Two former exotic dancers were awarded $250,000 by a Texas federal court jury and judge against a San Antonio strip club that forced them to work “off the clock” by not paying them minimum wage or overtime and confiscating their tips.
Alexis Alex and Nicolette Prieto were hourly paid exotic dancers employed at Tiffany’s Cabaret in Austin, Texas from 2008 to 2013. After a three-day trial, a jury of two women and six men found that Tiffany’s Cabaret owner Tim Eidson willfully violated the Fair Labor Standard Act (FLSA). Alex and Prieto were awarded $60,961.50 and $65,008.00, respectively, for three years’ worth of lost wages, according to court documents.
Alex and Prieto were also awarded liquidated damages equal to the jury award amount by U.S. District Judge Royce Lamberth after concluding that club owner Eidson’s labor and wage practices were “not [done] in good faith,” increasing the total award the dancers received to $250,000, according to court documents.
“Maybe it’s shame on us for not having a better accountant” said Eidson’s attorney Judge Lamberth. Lamberth agreed that Eidson’s reliance “on 20-year-old legal advice” from its accounting firm “just doesn’t cut it,” according to a San Antonio Express News report.
The dancers brought Fair Labor Standard Act (FLSA) claims against Eidson in 2013, alleging he only paid them for “well below half” of their hours worked in a week and never paid them overtime, even though they worked more than forty hours a week on average, according to their complaint.
The dancers were also required hand over their tips to the club as a “house fee” and were also required to give their tips to other employees, such as the club’s house mom, DJ and bouncers. Legally, an employee who receives tips can only be required to turn over tips to an employer if the tips are being taken as a tip credit towards the employers minimum wage obligation or if they are part of a valid tip pool, neither of which were the case at Eidson’s club, according to court documents.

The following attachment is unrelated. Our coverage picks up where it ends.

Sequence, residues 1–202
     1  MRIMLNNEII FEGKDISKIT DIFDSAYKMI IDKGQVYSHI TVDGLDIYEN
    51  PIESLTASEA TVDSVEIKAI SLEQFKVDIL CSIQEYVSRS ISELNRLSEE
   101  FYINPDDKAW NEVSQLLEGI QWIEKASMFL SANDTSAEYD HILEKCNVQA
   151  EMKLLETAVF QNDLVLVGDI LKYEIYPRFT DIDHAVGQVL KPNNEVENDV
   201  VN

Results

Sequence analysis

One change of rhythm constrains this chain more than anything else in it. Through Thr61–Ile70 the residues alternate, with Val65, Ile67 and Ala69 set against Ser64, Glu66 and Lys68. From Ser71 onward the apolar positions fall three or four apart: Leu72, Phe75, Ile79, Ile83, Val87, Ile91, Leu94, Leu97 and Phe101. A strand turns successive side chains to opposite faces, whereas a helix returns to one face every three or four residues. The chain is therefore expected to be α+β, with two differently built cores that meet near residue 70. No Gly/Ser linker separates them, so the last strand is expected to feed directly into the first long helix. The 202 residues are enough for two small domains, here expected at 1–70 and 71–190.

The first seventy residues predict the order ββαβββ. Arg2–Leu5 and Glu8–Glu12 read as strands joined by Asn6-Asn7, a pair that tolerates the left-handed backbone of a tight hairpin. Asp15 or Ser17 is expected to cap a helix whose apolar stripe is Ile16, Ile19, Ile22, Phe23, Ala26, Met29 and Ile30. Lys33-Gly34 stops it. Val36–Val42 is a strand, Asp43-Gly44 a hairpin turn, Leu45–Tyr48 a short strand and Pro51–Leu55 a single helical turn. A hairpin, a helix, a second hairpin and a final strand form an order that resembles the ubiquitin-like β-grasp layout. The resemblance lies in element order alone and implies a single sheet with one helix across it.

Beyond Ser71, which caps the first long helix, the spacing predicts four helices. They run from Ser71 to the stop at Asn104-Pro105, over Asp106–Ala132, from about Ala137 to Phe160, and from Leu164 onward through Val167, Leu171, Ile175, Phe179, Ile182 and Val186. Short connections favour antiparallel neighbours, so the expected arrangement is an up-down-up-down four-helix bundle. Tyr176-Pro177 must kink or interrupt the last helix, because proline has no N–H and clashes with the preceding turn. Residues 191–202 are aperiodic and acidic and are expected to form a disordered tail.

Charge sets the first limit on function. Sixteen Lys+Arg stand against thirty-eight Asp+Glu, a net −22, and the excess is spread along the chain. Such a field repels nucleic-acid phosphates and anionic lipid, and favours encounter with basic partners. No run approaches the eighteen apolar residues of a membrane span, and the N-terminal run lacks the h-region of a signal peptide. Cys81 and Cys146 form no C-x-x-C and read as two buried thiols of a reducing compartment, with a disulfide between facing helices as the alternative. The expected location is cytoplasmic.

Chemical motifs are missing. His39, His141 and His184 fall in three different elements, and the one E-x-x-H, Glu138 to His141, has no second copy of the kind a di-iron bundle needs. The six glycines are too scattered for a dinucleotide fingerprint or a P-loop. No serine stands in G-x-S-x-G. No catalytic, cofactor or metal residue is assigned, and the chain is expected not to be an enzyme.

Eidson was also taking the dancers tableside dance fees as service charges. The Judge independently ruled that the tableside dances were tips belonging to the dancers and could not be taken by the club to be used as a tip credit.
Most exotic dance clubs employ dancers as independent contractors. See:
NY Strippers Awarded $10.8 Million in Back Wages -- A federal judge in New York ruled that more than 1,900 dancers who were classified as independent contractors were entitled to be classified as employees earning minimum wage. The judge found that Rick's Cabaret owed the dancers $10.8 million in back wages and tips.
The dancers at Tiffany’s Cabaret were actual employees who were supposed to be paid an hourly minimum wage rate and an increased rate for time worked over 40 hours, but they were not.
The verdict sends a message to other club owners that the dancers “will not tolerate having to shoulder the labor costs associated with their operation and that they have rights,” according to San Antonio Express News report.
Alex and Prieto thanked the jurors who gave a verdict in their favor. “I’m glad we could depend on normal people like us to see that we were not just exotic dancers but to see that we are employees no matter what we do,” said Alex, “and I don’t feel we should be excluded from any employee who got minimum wage,” said Prieto, as reported in the San Antonio Express news.
The club owner plans to appeal, but it may be a lost cause. The Judge offered Eidson’s attorney “at least a beer” if he is able to win a reversal, according to the San Antonio Express News.
The case is Alex et al v. KHG of San Antonio, L.L.C., case number 5:13-cv-00728, in the U.S. District Court for the Western District of Texas.